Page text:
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Democrats nominate Tim Ryan in Ohio’s key Senate race, NBC News projects

In November he’ll face "Hillbilly Elegy" author J.D. Vance, who secured former President Donald Trump's endorsement in the crowded GOP primary.
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Rep. Tim Ryan has won the Democratic nomination for the Senate in Ohio, NBC News projects, setting the stage for a November showdown with Trump-endorsed J.D. Vance.

A 10-term House member who briefly ran for president in 2020, Ryan fended off two lesser-known primary challengers, Morgan Harper and Traci Johnson.

Ryan had garnered 70.3 percent of the vote, with 54 percent of precincts reporting at 9:59 p.m. ET.

In November he’ll face Vance, the projected winner of the Republican primary. Vance, the author of "Hillbilly Elegy," emerged victorious in what was a far more crowded and expensive race that former President Donald Trump had prioritized. The former president previously won Ohio twice by 8 percentage points.

The winner of the general election will succeed Sen. Rob Portman, a Republican who isn’t seeking a third term.

In remarks following his primary win, Ryan said he wants to make Ohio a driving force for the U.S. economy, with a focus on manufacturing.

“The great American middle class is the source — it’s the source of American power,” Ryan said. “Having people that can go out and create and build, that’s what we do.”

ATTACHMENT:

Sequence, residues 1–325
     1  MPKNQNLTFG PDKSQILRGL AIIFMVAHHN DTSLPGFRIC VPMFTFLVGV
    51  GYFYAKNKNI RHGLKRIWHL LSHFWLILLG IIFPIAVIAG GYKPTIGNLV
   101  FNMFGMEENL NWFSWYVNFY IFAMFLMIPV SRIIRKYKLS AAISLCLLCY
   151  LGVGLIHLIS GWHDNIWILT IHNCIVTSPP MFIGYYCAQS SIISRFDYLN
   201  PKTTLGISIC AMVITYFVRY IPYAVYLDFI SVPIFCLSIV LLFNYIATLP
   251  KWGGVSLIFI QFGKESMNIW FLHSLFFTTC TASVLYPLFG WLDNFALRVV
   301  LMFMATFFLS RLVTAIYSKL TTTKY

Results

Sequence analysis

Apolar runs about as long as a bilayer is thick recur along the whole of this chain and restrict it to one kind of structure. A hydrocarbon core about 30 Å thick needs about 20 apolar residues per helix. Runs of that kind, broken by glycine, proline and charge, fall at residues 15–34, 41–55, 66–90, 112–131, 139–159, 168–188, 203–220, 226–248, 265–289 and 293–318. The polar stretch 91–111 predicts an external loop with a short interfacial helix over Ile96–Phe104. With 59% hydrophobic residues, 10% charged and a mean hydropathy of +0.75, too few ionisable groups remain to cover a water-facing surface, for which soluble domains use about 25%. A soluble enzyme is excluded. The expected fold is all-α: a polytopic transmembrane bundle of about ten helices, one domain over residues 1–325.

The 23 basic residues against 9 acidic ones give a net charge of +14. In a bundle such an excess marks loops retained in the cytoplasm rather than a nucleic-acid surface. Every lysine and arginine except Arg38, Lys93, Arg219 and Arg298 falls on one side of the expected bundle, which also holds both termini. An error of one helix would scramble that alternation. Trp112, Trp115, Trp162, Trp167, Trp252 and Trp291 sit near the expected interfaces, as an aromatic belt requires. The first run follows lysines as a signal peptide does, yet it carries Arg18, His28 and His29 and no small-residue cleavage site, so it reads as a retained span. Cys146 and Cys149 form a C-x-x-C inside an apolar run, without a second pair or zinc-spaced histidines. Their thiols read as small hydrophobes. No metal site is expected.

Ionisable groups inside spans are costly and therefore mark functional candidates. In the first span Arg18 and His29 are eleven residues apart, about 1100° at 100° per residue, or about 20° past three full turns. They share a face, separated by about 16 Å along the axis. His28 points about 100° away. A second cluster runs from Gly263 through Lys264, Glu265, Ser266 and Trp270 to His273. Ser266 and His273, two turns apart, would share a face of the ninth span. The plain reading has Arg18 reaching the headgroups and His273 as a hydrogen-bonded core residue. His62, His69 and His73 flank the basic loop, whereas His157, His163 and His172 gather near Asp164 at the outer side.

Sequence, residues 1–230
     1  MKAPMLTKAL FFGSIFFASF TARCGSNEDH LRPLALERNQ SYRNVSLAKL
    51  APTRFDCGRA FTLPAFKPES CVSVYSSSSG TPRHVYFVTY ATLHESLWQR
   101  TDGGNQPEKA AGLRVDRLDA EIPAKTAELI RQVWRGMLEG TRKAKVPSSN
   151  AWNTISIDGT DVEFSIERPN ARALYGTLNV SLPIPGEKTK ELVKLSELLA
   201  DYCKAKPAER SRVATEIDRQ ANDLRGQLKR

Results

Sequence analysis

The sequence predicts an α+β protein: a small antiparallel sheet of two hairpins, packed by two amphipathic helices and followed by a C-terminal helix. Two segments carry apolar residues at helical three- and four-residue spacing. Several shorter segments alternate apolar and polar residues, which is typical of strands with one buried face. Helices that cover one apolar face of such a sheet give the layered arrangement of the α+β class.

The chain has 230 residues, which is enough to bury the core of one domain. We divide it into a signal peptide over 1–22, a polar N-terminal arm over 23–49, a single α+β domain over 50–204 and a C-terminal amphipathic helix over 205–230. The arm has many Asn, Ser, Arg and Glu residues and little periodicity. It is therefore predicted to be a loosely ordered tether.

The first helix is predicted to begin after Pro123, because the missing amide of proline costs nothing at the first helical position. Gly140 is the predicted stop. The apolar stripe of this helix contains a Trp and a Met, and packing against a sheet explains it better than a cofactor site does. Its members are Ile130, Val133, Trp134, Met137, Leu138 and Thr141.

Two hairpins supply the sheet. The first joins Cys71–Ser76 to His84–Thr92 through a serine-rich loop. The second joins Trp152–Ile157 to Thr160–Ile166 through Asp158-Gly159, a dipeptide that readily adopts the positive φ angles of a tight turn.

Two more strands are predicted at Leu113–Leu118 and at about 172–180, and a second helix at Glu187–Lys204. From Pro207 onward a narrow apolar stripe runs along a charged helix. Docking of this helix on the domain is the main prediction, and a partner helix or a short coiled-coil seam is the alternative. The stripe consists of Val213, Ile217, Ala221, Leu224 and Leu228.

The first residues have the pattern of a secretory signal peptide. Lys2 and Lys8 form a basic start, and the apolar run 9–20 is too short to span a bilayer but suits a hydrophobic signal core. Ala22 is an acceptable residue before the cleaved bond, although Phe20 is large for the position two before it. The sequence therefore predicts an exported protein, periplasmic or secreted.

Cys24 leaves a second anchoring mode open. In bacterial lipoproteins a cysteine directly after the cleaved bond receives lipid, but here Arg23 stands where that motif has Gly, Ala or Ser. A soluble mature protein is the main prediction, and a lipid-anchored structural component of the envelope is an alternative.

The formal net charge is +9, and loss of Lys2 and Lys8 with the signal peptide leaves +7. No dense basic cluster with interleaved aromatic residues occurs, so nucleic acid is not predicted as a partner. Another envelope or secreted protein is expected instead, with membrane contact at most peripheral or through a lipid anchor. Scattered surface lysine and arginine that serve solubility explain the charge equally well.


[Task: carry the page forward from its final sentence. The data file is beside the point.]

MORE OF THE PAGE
Ryan, 48, is giving up the Youngstown-area congressional seat he’s held for nearly 20 years. His district had been trending more conservative, and Ryan’s politics over the years have often scanned as moderate. He had been anti-abortion rights until 2015, and in his 2020 presidential bid he campaigned against progressive ideas like “Medicare for All.” His positions often have been informed by his working-class constituents in a region that has bled manufacturing jobs since the decline of Big Steel and, more recently, the shuttering of a General Motors plant.

Harper, a former attorney for the U.S. Consumer Financial Protection Bureau, ran to Ryan’s left in the primary, emphasizing her consistent support for abortion rights and calling for an expanded Supreme Court.

She conceded the race to Ryan on Tuesday night.

“I just spoke with Congressman Ryan and congratulated him on his primary win,” Harper wrote in a statement on Twitter.

Ryan stuck with his comparatively moderate approach and tone, airing TV ads that hit themes that would sound more at home in a GOP primary.

His first ad, singularly focused on China, blamed the country for the loss of U.S. jobs and drew condemnation from Asian American groups that found the commercial inflammatory. His second ad railed against inflation and took aim at both political parties before ending with the phrase “Americans first” — an echo, intentional or not, of Trump’s “America First” slogan.

Since it twice backed Barack Obama for president, Ohio has become a much more reliable state for Republicans. Portman was re-elected by 21 points in 2016. Sen. Sherrod Brown, the only Democrat with sustained electoral success in the state, was re-elected by 7 points in 2018. But Ryan, whose blue-collar message is similar to Brown’s, was a top recruit for Democrats, and national Republicans have signaled that the general election will be a key race this fall.